But God has a beautiful story to tell with your life. It might not feel like it right now. But as someone who has sat where you are (and will likely be there again in the future), can I urge you to trust God’s timing? It made no sense to me back when I didn’t get that publishing deal, why God would ask me to wait, but years down the road, it makes perfect sense.
What is God wanting to rewrite in your life? Where is he wanting to replace sorrow with joy, despair for hope? While you contemplate your story, make sure to check out Holy Doubt on Amazon. I’m praying it will help you see the beauty in the story God is writing with your life.
In case you haven’t heard yet (if you’re friends with my husband, Jonathan, on Facebook there’s no way you haven’t!) we had some exciting news a little over a week ago. I’m on the list (#7)!
At the beginning of December I submitted a book proposal for a writing contest associated with the Re:write conference I’ll be attending in February. The book is about my struggle with doubt as a missionary in India and the way it has reshaped my faith. And incredibly, I made it into the top 10. They’ll announce the winner at the conference (February 27th, to be exact). But I wanted to thank everyone who has prayed for and encouraged me along the way, and ask you to continue to pray that God would place the message of this book into the hands of those who need it–however he chooses to do it.
I feel a little like I did on Christmas when I was 7-years-old, holding my breath, hoping, as I ripped off the wrapping paper from the box that held the white fringed cowboy boots that I’d been asking for forever. I remember walking around the house in an almost dream-like state, heels clicking on the tile floor. I’m pretty sure my mom had to pry them off my feet that night when I went to bed. I’ve had to pinch myself almost every day since the contest announcement and I still don’t think it’s sunk in. It’s almost too much to comprehend. That God would allow a girl who’s believed most of her life that she didn’t have anything valuable to say, to write a book proposal that is being looked at by Tyndale publishing is humbling to say the least. I guess we’ll see what God has in store. But thanks for being on the journey with me!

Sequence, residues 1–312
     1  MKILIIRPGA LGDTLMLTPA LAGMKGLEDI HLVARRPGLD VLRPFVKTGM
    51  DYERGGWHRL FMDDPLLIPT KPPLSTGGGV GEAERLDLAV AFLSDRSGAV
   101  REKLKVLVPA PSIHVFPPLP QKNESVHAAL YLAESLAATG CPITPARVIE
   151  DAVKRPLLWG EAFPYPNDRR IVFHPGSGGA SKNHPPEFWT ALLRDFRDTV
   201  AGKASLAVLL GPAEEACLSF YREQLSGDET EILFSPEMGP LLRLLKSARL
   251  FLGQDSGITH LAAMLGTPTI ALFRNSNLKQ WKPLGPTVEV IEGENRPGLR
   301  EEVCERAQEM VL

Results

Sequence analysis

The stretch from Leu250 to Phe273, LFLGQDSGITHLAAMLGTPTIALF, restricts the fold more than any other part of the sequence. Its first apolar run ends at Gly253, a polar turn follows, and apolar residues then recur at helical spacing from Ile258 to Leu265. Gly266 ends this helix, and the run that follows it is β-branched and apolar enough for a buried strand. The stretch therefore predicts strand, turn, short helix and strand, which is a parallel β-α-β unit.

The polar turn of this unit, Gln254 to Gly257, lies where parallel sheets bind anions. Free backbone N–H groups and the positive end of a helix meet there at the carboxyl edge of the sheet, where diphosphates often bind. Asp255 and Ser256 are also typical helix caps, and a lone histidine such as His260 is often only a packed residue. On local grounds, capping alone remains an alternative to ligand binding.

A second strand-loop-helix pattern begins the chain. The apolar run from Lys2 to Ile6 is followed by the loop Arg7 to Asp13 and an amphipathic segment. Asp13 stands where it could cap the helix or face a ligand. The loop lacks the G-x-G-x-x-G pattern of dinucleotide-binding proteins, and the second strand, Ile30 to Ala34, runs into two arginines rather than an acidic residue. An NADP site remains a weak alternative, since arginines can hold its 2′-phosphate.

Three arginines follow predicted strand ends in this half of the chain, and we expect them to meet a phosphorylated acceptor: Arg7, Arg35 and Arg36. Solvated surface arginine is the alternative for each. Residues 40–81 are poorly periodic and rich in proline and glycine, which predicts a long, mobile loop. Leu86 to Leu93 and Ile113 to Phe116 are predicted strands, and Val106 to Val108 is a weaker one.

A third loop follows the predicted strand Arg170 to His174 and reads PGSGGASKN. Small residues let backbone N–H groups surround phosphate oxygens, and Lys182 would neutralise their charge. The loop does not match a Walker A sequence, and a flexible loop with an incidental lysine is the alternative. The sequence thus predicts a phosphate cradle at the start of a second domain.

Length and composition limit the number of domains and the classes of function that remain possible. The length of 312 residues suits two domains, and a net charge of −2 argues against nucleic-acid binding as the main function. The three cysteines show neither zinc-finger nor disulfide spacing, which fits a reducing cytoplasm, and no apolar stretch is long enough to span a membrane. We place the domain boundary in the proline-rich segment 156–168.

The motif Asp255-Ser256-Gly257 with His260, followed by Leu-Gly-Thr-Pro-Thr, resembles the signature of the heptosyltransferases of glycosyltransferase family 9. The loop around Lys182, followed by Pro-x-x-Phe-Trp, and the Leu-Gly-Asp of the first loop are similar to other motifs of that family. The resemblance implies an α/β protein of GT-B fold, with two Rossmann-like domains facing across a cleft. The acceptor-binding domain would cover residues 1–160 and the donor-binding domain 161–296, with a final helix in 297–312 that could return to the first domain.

I’ve started a new blog at www.droppingtheact.com. Check it out for the latest content.
In 2001, my dad called me at work and said, “I signed us up to go skydiving on Saturday.” Before I could get a word in he delivered this ultimatum in his best “Dad tone” that allowed no room for arguing, “You ARE going. There’s no backing out.” It was a wonder I could even get the phone back on the receiver the way my hands were shaking. But I promptly hung up the phone, went straight to the bathroom, and felt like I was going to throw up.
The day (of my impending doom) finally arrived, and after numerous reminders about the “extremeness” of what we were about to do and the “possibility (or in my mind, likelihood) of death” was reiterated several times we piled into the airplane and made our ascent. When I climbed out on the wing and let go, free-falling through blue skies with the wind rushing in my face, it was a feeling like I’d never experienced before. It was incredible!